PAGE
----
When I was about 10 years old, I decided to try my hand at writing poetry. What did a poem need to be anyway? Alternate, consecutive, or all lines that rhymed? I could write anything about anything, then. At least that’s what I thought. But as I grew up, I discovered more and more about the power that poetry holds. It’s not just rhyming words. It brings out a person’s emotions in ways that we never thought it could. I grew, I understood, I learnt that in limited words and short verses, poetry can tell a person’s history, a person’s feelings, their pain, their hopes and dreams, their deepest, darkest secrets, as well as everything they live for.
Tamarind: Sweet and Sour Poems About Love, Loss, Longing, and Life, a 68-page poetry collection by Akhila Mohan CG, is one such. In this, the poet bares her soul while also baring the world’s hypocrisies, truths, fears, and conditioning in a series of poems that are also extremely personal to her. Before I get into the review, let me just give you a quick gist of this collection: if you’re looking for simple but impactful poetry, Tamarind is one you should definitely pick up.
What This Collection Offers:
Tamarind is a collection of poems that range from the personal to the societal and everything in between. If one poem talks about one’s relationship with one’s parents, then the other talks about how a woman’s beauty is not the only special thing about her. Every poem is almost colloquial, and the whole collection in itself won’t take you long to devour, even after giving yourself time to ruminate on what it talks about.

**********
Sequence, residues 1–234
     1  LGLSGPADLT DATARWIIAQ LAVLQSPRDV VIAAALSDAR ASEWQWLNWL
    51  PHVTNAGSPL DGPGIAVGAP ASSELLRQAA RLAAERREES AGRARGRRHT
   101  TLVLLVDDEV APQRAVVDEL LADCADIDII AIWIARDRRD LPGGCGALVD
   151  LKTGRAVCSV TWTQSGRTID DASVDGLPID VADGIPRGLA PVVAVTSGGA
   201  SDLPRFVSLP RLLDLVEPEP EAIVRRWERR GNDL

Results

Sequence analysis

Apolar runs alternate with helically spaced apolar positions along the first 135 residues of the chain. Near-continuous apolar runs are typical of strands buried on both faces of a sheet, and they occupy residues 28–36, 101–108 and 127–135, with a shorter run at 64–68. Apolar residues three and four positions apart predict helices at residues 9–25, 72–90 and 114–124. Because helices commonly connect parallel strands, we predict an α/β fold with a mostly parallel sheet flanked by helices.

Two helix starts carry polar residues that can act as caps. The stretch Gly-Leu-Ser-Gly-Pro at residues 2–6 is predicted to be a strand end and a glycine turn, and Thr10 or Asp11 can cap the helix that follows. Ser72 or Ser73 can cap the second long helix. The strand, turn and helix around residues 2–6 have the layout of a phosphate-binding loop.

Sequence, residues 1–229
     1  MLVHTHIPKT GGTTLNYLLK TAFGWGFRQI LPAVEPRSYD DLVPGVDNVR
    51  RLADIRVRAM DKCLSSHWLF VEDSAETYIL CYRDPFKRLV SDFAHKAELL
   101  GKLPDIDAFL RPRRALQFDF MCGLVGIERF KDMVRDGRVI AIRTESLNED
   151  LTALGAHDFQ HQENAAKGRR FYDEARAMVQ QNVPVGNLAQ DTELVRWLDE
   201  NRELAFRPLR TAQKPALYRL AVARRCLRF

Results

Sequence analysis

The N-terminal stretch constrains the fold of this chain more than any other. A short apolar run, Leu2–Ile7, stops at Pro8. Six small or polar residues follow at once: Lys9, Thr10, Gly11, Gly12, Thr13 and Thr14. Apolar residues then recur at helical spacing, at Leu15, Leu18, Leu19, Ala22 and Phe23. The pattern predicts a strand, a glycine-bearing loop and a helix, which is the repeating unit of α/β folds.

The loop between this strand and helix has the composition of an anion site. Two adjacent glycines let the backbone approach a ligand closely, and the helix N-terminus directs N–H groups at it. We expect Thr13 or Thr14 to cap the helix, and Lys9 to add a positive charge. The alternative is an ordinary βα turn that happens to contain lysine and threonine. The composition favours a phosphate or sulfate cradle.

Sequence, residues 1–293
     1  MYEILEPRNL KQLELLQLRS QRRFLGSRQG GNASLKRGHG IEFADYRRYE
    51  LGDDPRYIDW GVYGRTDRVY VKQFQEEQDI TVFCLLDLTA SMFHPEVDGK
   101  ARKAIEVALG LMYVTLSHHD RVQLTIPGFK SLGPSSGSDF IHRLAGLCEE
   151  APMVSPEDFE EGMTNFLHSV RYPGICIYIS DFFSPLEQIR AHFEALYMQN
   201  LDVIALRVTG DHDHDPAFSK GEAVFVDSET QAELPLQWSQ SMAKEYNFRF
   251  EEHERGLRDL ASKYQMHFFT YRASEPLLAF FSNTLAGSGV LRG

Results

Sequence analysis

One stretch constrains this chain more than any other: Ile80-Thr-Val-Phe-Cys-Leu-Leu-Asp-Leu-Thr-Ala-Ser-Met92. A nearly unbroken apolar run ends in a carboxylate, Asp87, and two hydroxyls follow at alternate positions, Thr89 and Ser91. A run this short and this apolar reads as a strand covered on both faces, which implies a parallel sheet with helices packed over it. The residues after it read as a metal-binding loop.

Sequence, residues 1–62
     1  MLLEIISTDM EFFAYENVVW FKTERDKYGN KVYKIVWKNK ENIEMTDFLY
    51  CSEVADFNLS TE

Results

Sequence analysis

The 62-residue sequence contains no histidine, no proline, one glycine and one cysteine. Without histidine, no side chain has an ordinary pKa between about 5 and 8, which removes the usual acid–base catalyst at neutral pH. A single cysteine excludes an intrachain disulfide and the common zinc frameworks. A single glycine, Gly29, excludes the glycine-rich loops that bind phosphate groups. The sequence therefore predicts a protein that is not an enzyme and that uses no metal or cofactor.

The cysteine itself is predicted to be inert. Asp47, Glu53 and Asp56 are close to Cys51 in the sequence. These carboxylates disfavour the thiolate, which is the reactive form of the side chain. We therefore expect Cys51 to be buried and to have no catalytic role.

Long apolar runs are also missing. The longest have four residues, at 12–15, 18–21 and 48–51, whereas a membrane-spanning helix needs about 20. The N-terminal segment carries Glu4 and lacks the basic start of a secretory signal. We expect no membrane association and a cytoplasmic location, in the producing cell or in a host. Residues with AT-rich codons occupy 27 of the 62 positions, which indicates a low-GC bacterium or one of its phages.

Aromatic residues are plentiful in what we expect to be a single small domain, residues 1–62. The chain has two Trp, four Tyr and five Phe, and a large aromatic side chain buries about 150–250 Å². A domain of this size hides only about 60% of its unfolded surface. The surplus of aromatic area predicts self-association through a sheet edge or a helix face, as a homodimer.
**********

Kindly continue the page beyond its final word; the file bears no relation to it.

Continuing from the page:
What I Liked About It:
Akhila Mohan’s poetry is simple, but hits home in several different ways. This simplicity is what rends your soul because as cliché as it may seem, many-a-times, beauty resides in simplicity. Akhila Mohan has harnessed this and used it with ease. And it is this ease that makes Tamarind a delight to read while it gently touches and soothes your heart while invoking memories, fears, hopes, and dreams. Through all of this, it makes you re-evaluate your own life and decisions.
My 10-year-old self remains amazed, for isn’t this another side effect of poetry? Some much-required introspection and self-evaluation? Tamarind, with its sometimes sweet, sometimes sour, sometimes bitter, but mostly familiar aftertaste, does that for you. It embraces you with everything it has and everything you come with, and tells you that you are not alone. And my 10-year-old self smiles, even though she mightn’t understand everything. Yet.
With poems like The Womb of the Mind – where the poet talks about what it means to give birth and be a creator, and not just to other human beings; Amma – where the poet pays tribute to her mother; The Pandemic Has Made Us All Equal – which is pretty self-explanatory; Shea – where the author starts off with: There is so much / more to the sea /and to a woman / than their beauty; every poem carries truth, simplicity, honesty – something that we all need in these times of personal and communal chaos.
It’s difficult to choose a favorite poem from this collection, but if I had to, it would be this.
It is true that we only realize
the value of our loved ones
in their absence,
but I felt the oncoming vacuum
even in your presence,
as I faced with dread the near end
of our bond, togetherness, and relation.Tamarind by Akhila Mohan CG
How raw, how simple, yet how impactful these words are!
What I Didn’t Like About It:
The only thing I didn’t like about some poems in this collection – and that’s actually way too strong a phrase – is that some of the poems seem contrived. Every line in a poem doesn’t have to rhyme with the previous one. And in a few of these poems, some of the words used to make the rhymes seem unnecessary and the effect becomes forced and rather un-poetic.
As an amateur poet myself, it was validating for me to read Tamarind and see how pouring one’s heart into a poem can be so eye-opening. It’s a beautiful collection, one that you can pick up and finish reading pretty fast. At the end, you will be left either feeling soothed, validated, smiling, or all three.
Definitely a thumbs up from me!
Here’s where you can buy the book: Tamarind: Sweet and Sour Poems About Love, Loss, Longing, and Life.
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